Managing Service Quality Topic 2
The foundations of service quality Duty of Care Ethical Decision Making National Standards for Disability Services Quality Documentation
Duty of care Consider the issues - what are they? Activity Agreement / Employment Plan / Individual Plan Compare possible benefits against possible harm Develop strategy to minimise risk Implement and monitor Review Balance rights of stakeholders Consultation with person with disability & stakeholders
Ethical decision making The Commonwealth Procurement Rules describe ethics and ethical behaviour as: Ethical relates to honesty, integrity, probity, diligence, fairness and consistency. Ethical behaviour identifies and manages conflicts of interests, and does not make improper use of an individual’s position. (Commonwealth Procurement Rules, p.18)
The REFLECT decision making model RE REcognise a potential issue or problem F Find relevant information L Linger at the ‘fork in the road’ E Evaluate the options C Come to a decision T Take time to reflect
National Standards for Disability Services The service promotes individual rights to freedom of expression, self- determination and decision making and actively prevents abuse, harm, neglect and violence 1. Rights The service works with individuals and families, friends and carers to promote opportunities for meaningful participation and active inclusion in society 2. Participation and Inclusion Services and supports are assessed, planned, delivered and reviewed to build on individual strengths and enable individuals to reach their goals 3. Individual Outcomes Regular feedback is sought and used to inform individual and organisation- wide service reviews and improvement 4. Feedback and Complaints The service manages access, commencement and leaving a service in a transparent, fair, equal and responsive way 5. Service Access The service has effective and accountable service management and leadership to maximise outcomes for individuals 6. Service Management
Indicators of practice Think about NSDS evidence in the following way: Who has been involved in developing your service’s processes and systems – staff, management, people with disability, families, friends, carers and advocates? What documentation do you have that might provide guidance on policy, practice or procedures relating to the indicators? How do you communicate the key principles and concepts within these documents to staff, people with disability, families, friends and carers? What everyday practice can you describe that might show how you apply your processes and systems relating to each standard? How do you regularly review practices, processes and systems and who do you involve in these activities?
Quality documentation Section 19.4 of the DES Deed states that: It is a precondition of the Provider’s entitlement to be paid any fees, funds, reimbursements, wage subsidies, NEIS payments or ancillary payments that it has, at the time it makes a claim for payment, sufficient documentary evidence to provide that the provider has delivered the relevant services in accordance with or otherwise has relevantly complied with, this Deed. Documentary Evidence for Claims Payment Guidelines (p.8): The Documentary Evidence set out in the Deed and these Guidelines, together with the information required to be recorded in the Employment IT Systems is acceptable to the Department as sufficient proof of service provision.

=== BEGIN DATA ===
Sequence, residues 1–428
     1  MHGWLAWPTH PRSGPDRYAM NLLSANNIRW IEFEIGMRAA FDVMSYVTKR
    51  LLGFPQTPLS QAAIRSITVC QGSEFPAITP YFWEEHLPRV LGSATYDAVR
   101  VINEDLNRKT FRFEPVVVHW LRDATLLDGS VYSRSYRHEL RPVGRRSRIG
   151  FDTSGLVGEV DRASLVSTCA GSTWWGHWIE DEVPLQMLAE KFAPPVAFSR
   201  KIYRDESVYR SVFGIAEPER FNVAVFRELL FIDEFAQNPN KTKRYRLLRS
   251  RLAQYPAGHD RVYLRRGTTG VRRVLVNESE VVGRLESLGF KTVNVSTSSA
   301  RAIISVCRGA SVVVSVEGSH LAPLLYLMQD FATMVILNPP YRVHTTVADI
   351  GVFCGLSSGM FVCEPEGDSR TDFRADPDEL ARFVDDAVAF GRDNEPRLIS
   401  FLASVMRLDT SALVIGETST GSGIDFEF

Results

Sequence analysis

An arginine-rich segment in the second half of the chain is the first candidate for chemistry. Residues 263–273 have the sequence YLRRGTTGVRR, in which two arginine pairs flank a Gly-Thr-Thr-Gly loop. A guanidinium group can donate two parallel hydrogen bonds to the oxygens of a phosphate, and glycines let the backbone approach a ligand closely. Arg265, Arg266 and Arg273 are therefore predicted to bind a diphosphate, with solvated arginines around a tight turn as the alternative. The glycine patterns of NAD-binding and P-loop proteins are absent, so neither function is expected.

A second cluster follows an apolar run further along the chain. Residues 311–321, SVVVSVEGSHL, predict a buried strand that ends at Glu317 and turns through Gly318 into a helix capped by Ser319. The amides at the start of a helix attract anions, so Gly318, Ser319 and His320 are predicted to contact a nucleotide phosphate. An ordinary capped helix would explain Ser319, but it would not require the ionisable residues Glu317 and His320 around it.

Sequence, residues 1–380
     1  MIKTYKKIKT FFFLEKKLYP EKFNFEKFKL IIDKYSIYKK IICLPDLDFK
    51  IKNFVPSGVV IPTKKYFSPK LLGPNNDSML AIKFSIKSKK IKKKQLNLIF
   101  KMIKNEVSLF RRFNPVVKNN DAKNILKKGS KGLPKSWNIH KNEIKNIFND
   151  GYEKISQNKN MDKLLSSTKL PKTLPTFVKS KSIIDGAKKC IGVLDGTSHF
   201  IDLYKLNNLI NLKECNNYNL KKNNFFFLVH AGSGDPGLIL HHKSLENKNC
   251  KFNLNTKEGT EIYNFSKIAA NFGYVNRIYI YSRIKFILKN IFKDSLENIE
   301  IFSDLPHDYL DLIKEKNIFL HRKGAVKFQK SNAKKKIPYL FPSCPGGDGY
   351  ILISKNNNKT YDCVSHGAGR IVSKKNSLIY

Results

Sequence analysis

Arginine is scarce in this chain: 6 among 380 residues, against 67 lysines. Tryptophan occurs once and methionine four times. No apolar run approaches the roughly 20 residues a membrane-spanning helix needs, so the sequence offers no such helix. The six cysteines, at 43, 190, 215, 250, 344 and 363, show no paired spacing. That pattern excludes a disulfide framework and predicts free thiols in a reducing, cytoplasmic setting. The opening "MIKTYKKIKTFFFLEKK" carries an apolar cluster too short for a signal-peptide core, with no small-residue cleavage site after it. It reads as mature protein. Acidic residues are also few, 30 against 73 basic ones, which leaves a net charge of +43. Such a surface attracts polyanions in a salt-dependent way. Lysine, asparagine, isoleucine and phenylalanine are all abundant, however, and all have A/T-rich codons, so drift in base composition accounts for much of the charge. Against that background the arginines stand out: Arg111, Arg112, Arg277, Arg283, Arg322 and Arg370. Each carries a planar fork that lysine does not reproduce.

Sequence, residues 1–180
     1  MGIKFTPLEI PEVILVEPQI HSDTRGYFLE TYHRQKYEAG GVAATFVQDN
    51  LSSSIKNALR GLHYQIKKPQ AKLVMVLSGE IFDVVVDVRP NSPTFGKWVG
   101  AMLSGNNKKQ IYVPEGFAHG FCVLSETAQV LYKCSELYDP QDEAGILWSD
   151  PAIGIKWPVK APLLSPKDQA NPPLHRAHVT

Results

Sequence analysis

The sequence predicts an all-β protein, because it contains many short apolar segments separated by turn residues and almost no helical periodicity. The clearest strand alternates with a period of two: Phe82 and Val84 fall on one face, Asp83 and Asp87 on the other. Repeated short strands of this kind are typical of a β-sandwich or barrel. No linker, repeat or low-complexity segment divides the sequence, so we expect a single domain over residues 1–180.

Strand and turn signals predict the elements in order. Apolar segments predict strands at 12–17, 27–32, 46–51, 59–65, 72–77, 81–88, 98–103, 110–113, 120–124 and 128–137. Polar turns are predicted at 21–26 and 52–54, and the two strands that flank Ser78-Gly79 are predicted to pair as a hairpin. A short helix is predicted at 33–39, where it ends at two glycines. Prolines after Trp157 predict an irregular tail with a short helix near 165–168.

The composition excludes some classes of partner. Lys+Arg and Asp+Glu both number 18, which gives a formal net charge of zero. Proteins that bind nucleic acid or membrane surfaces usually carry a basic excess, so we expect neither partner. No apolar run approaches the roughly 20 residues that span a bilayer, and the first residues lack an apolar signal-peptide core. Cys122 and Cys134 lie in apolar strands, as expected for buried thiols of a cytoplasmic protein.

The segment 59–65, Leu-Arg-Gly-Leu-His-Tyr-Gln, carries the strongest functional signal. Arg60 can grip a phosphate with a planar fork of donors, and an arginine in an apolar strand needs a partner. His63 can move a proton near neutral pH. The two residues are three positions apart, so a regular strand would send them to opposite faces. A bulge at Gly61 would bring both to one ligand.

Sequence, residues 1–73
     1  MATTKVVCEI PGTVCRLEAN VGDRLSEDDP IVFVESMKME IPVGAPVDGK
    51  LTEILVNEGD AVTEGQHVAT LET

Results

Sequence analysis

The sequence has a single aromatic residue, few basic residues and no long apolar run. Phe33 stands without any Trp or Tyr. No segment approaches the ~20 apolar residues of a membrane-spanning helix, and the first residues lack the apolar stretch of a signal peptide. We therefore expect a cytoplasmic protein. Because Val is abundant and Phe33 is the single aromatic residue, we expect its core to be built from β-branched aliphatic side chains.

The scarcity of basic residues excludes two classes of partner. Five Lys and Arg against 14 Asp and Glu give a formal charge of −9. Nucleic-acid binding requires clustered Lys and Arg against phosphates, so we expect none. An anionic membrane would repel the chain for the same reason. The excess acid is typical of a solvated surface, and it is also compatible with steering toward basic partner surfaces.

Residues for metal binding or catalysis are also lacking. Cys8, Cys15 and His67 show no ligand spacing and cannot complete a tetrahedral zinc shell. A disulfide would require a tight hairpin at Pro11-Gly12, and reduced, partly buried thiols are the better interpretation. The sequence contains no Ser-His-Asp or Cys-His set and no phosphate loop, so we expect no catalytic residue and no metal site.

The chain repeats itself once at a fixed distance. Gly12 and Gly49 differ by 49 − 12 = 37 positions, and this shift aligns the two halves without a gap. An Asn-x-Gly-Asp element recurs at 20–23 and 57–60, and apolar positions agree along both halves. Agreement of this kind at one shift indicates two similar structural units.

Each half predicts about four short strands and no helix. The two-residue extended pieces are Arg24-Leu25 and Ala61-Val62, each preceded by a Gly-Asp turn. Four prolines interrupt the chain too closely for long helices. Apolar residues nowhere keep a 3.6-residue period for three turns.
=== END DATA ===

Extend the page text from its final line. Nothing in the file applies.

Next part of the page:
What constitutes quality documentation? Adheres to the DES Deed and recording and reporting requirements set out in the guidelines Comprehensive, well structured, factual and evidence based Based around meeting key milestones and evidence requirements Fulfils the outcome requirements to ensure it effectively meets the claim payment requirements Meets all legal requirements Uses appropriate language and terms Both mandatory and non-mandatory information is entered into the ES IT System as required
Quality Documentation Practices Topic 3
DES program structure & compliance obligations – documentary evidence Providers are required to: retain evidence of entitlement to fees, funds, reimbursements and ancillary payments retain sufficient and appropriate documentary evidence to prove that services have been delivered in accordance with the Deed and to make claims create & keep accurate Participant Services Records (i.e. Deed Records including Customer Feedback Register) about a participant that are directly created for the purposes of providing service retain records according to the minimum retention periods (see Attachment C of the Records Management Guidelines)
Keeping good case notes Case notes should: be well structured use appropriate language be comprehensive be cognisant of the outcome requirements meet legislative requirements, and present appropriate and sufficient evidence Tips for recording good case notes...
Case notes – best practice 1.Guiding principle for deciding what information you should include in participant case notes, i.e. is the information is relevant to the employment service or support being provided? 2.When recording case notes: – Include a participant identifier on each page – Date the case note – Record the information as soon as possible after the event – Make sure the notes are legible if they’re handwritten – Ensure the author of the case note includes their name and signature 3.Understand the outcome requirements and make sure claim evidence forms meet all these requirements